WATERTOWN, NY — The New York State Department of Health rabies laboratory has reported to the Jefferson County Public Health Service (JCPHS) that two raccoons have tested positive for rabies.
Both of the raccoons were located in the City of Watertown and both were submitted by the United States Department of Agriculture (USDA) for testing. There were no known human or pet exposures.
Rabies is a fatal disease that attacks the brain and spinal cord. It can take several weeks to several months for rabies symptoms to appear. Early treatment after an exposure can prevent rabies in humans and in pets who are up to date on vaccination. Any mammal can get rabies, but it is most often seen in bats, raccoons, skunks, and foxes. Animals do not have to be aggressive or behave erratically to have rabies. Changes in any animal’s normal behavior can be early signs of rabies.
Please take these steps to help prevent the spread of rabies:
1. Teach children to stay away from unfamiliar animals, either wild or domestic, even if they appear friendly. Remind them to tell you if they have any unusual contact with an animal.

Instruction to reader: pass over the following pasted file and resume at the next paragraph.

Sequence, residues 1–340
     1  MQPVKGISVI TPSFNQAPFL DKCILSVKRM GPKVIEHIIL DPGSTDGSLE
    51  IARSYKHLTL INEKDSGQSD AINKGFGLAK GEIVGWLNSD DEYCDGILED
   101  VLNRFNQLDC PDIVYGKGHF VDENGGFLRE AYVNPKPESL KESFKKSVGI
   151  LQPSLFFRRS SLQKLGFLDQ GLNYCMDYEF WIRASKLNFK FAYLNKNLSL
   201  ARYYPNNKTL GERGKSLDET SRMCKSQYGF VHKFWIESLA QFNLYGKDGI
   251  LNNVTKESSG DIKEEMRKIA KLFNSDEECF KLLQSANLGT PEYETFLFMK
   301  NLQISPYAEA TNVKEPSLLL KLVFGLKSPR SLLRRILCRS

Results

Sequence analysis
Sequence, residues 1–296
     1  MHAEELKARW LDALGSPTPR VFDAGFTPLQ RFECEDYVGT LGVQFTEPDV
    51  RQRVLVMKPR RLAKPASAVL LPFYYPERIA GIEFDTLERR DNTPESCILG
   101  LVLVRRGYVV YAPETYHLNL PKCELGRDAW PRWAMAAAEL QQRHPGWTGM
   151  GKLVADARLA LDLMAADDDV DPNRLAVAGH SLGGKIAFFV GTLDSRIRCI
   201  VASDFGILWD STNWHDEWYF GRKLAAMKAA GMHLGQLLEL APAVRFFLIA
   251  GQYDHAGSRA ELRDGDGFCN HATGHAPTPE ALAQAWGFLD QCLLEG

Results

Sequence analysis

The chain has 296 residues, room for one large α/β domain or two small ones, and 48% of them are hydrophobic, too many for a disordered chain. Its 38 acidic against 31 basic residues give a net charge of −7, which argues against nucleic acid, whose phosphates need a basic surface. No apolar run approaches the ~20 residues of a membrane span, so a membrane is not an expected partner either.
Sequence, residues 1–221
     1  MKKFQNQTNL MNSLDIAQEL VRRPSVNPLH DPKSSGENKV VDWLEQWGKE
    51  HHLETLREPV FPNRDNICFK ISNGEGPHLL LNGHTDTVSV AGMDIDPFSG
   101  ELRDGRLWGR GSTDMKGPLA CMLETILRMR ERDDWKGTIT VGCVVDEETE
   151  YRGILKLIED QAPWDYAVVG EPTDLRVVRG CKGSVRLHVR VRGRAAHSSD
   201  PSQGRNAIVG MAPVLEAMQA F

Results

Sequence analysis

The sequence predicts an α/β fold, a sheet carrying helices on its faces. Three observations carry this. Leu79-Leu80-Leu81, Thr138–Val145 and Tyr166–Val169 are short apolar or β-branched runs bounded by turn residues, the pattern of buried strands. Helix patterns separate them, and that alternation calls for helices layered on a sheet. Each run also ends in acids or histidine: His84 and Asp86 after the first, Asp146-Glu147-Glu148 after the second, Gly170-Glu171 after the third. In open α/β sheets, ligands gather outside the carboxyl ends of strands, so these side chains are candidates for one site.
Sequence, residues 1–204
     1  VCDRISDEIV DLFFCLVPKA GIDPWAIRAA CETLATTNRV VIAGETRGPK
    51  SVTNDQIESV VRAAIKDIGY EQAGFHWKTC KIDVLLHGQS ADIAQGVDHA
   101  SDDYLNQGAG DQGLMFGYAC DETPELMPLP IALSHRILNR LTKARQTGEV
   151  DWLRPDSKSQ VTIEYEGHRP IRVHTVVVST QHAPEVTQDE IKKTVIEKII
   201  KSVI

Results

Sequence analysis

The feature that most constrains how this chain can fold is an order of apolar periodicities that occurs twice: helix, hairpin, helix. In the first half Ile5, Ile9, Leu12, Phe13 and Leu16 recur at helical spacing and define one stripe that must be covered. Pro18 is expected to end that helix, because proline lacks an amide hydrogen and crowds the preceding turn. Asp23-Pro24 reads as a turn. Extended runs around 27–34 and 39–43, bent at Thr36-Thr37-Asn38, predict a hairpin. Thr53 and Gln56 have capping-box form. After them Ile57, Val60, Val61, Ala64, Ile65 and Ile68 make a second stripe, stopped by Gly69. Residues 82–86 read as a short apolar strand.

2. Do not leave pet food outside as it attracts wildlife to your home.
3. Wash any wound from an animal encounter thoroughly with soap and water and seek medical attention immediately.
4. Be a responsible pet owner by keeping your pet’s vaccinations current. Getting your pet vaccinated by your vet or at a clinic (check with your local pet supply store) can help stop the spread of rabies from wild animals to humans. JCPHS is hosting a rabies vaccination clinic at Jefferson County Dog Control on Thursday, April 20 5:00 – 7:00pm. Visit www.jcphs.org for more information.
5. Monitor your pet when they are outside. If your pet is involved in an altercation with a wild animal, do not get in between them. Do not touch your pet without gloves as rabies is spread through saliva. Cover your pet with a towel and contact your vet as your pet may need a booster shot.